"Good Enough" is good enough! by Alex Martelli

"Good Enough" is good enough! by Alex Martelli

`Perfect` is (or, rather, SHOULD be) a verb, not an adjective.

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PyCon 2013

March 17, 2013
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Transcript

  1. ©2013 Google -- aleax@google.com "Good Enough" IS Good Enough! http://www.aleax.it/pycon13_geige.pdf

  2. Some Cultural Assumptions...: everybody should always be striving for perfection

    at all times! settling for a software release that's anywhere below "perfect!" is a most regrettable compromise. do you mostly agree with these...? OR...: keep-it-simple, just-good-enough launch early, launch often! iteratively improve, enhance, refactor... 2
  3. "Worse is Better" Richard Gabriel, 1989, a Lisp conference "New

    Jersey" approach, AKA "WiB" vs "MIT/Stanford" approach, AKA "The Right Thing" years of debate afterwards (plenty of it by RG, sometimes as "Nickieben Bourbaki")... on BOTH sides of the issue!-) 3
  4. Worse-is-better (e.g: Unix) simplicity implementation (esp!) AND interface most important

    consideration in design correctness (slightly) better be simple than correct consistency "not overly inconsistent" completeness can be sacrificed to any of the top 3 MUST be, if simplicity's threatened 4
  5. "The Right Thing" ("MIT") simplicity esp. interface correctness absolute-must, top

    priority consistency just as important as correctness completeness roughly as important as simplicity 5
  6. Quoting RG himself...: The right-thing philosophy is based on letting

    the experts do their expert thing all the way to the end before users get their hands on it. Worse-is-better takes advantage of the natural advantages of incremental development. Incremental improvement satisfies some human needs... 6
  7. Cathedral, Bazaar...? Eric Raymond, 1997 focus: two diverging models of

    software development Cathedral: close to RG's "right-thing" MIT/Stanford experts in charge Bazaar: chaotic, launch-and- iterate NJ-like models -- crowd in charge The core Bazaar idea: "given enough eyeballs, all bugs are shallow" 7
  8. BUGS?! I don't DO bugs! my very first program ever

    WAS bug-free 1974: 3 freshmen HW design majors and a Fortran program to compute conditional probabilities of suit-division in bridge we had to punch it into punched cards we got one-&-only-one chance to run it...! it ran perfectly that first-and-only-time...! ...never ever happened again in my life. ...don't count on it, buddy...!-) 8
  9. "Perfection" -> BDUF If you want to only release "Perfection",

    you clearly need "Big Design Up Front" everything must proceed top-down, perfect identification of requirements, begets perfect architecture, begets perfect design, begets perfect implementations, (it takes...) forever and ever, A-MEN! alas! real life doesn't tend to co-operate... stakeholders resent the "forever" part!-) 9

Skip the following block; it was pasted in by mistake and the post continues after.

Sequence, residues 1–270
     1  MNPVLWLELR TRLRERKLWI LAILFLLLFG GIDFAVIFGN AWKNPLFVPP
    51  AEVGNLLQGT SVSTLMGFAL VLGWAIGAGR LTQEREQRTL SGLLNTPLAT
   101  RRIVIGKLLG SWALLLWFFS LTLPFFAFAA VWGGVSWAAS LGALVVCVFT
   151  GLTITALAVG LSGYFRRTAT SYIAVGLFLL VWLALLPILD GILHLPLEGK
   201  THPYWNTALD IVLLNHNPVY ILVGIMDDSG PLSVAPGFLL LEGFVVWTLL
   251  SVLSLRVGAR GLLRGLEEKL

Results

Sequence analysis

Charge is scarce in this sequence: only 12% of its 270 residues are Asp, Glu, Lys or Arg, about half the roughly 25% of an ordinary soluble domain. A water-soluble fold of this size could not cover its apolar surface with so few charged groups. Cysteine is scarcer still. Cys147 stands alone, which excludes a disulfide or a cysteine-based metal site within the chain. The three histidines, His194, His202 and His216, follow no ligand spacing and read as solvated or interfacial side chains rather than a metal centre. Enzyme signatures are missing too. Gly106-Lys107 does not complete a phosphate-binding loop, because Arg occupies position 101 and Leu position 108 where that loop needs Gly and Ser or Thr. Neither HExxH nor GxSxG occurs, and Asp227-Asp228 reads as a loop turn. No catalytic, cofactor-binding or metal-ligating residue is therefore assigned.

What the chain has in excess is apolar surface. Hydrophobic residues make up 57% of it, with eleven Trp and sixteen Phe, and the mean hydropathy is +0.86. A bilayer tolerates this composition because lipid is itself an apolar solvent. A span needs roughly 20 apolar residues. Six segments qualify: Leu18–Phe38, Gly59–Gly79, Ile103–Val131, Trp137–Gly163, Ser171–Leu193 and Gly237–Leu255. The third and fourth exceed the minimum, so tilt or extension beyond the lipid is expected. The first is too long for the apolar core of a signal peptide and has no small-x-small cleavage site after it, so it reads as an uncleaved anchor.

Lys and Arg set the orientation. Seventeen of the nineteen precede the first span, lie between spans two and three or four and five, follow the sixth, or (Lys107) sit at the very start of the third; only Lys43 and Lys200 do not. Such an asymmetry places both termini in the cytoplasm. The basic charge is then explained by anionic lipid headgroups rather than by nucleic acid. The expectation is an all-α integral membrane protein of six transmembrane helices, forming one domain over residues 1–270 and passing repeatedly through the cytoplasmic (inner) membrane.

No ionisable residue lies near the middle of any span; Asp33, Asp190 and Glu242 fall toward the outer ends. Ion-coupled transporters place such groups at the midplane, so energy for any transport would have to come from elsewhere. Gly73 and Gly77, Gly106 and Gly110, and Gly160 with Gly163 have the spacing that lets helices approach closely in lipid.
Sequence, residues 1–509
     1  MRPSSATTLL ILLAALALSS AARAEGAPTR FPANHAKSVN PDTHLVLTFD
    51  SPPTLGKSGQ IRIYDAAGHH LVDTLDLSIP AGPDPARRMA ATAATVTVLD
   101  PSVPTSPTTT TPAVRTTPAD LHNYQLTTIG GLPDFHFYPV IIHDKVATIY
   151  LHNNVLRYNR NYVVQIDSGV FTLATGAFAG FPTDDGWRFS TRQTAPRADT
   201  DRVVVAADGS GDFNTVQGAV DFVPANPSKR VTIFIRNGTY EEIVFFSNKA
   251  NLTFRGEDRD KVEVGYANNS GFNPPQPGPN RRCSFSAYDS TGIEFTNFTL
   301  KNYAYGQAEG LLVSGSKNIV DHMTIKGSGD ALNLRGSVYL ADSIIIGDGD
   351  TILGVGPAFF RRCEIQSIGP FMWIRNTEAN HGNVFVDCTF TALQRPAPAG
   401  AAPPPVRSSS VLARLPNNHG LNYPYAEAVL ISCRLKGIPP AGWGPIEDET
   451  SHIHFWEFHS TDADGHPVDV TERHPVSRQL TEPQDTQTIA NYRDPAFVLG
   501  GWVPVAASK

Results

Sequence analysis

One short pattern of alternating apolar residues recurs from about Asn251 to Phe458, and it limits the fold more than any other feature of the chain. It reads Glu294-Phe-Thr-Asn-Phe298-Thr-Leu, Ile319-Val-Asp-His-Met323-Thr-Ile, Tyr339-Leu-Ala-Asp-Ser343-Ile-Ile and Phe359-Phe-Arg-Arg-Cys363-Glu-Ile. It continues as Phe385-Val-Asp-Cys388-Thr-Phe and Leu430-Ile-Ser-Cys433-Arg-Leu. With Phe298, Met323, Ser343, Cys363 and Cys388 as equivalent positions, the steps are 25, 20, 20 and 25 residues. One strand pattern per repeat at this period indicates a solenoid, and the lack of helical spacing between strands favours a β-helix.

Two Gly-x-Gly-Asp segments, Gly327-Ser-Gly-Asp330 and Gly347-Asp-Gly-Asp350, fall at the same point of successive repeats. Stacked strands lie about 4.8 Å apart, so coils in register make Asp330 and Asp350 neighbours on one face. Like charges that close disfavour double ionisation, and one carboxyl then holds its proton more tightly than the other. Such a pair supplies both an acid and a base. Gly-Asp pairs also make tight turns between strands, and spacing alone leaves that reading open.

10. BDUF vs the real world requirements change all the time

    you ain't ever gonna nail them perfectly! architecture varies with design choices design varies with implementation techs implementation _always_ has bugs only discovered in real-world deployment --> • ITERATIVE development's the only way to go! • deploy SOMEthing, fix bugs, improve, ... • solve SOME user problems, win mindshare 10
  11. "Perfect": verb, ¬adjective! perfecting your work is great keep doing

    it -- based on real data! perfection is a process, NOT a state you never "reach" it goalposts keep shifting no laurels to rest on! 11
  12. What not to skimp on light-weight, agile process and its

    steps revision control, code reviews, testing... proper release-engineering practices code style, clarity, elegance documentation 12 no cowboy coding!
  13. TCP/IP vs ISO/OSI rough consensus... ...and RUNNING CODE (David Clark:

    MIT, but... IETF front and center!) 13
  14. Xanadu vs the WWW 14 Perfect, ideal hypertext Hackish, incrementally

    improved hypertext Guess which one conquered the world...?-)
  15. Intr syscall: ITS vs Unix MIT AI Lab's ITS: every

    long-running syscall needs to be quasi-atomic AND interruptible... so: every syscall must be able to...: unwind state changes at ANY point resume user-mode for intr. service restart kernel-mode syscall again early Unix: errnoˡEINTR, return -1 -- that's it!-) 15
  16. Satisficer vs Maximizer 16 Satisficer: 90% is just fine, take

    it, move on! 80% may be OK (20% of effort: Pareto's Law) Maximizer: 99.99% is NOT 100%, so it's A FAIL!
  17. Metaclass vs Decorator class Meta(type): def __new__(m, n, b, d):

    cls = type.__new__(m, n, b, d) cls.foo = 'bar' return cls class X: __metaclass__ = Meta def Deco(cls): cls.foo = 'bar' return cls @Deco class Y(object): pass 17 ...vs...
  18. Good enough never is (or is it?) Eric Ries, http:/

    /www.linkedin.com/today/ post/article/20121008194203-2157554- good-enough-never-is-or-is-it "Lean Startups" use the "middle way" to...: minimum viable product: that version of a new product which allows a team to collect the maximum amount of validated learning with the least effort 37signals' Hansson disagrees: "just build something awesome and ship it";-) 18
  19. "Lowering expectations"? NO! our dreams must stay big! BHAG! Rightly

    traced and well ordered: what of that? / / Speak as they please, what does the mountain care? however: the best way TO those dreams remains "release early, release often" learn from real users' interactions Ah, but a man's reach should exceed his grasp / / Or what's a heaven for? Browning's Andrea del Sarto: less is more! 19
  20. Q & A http://www.aleax.it/pycon13_geige.pdf 20 ? !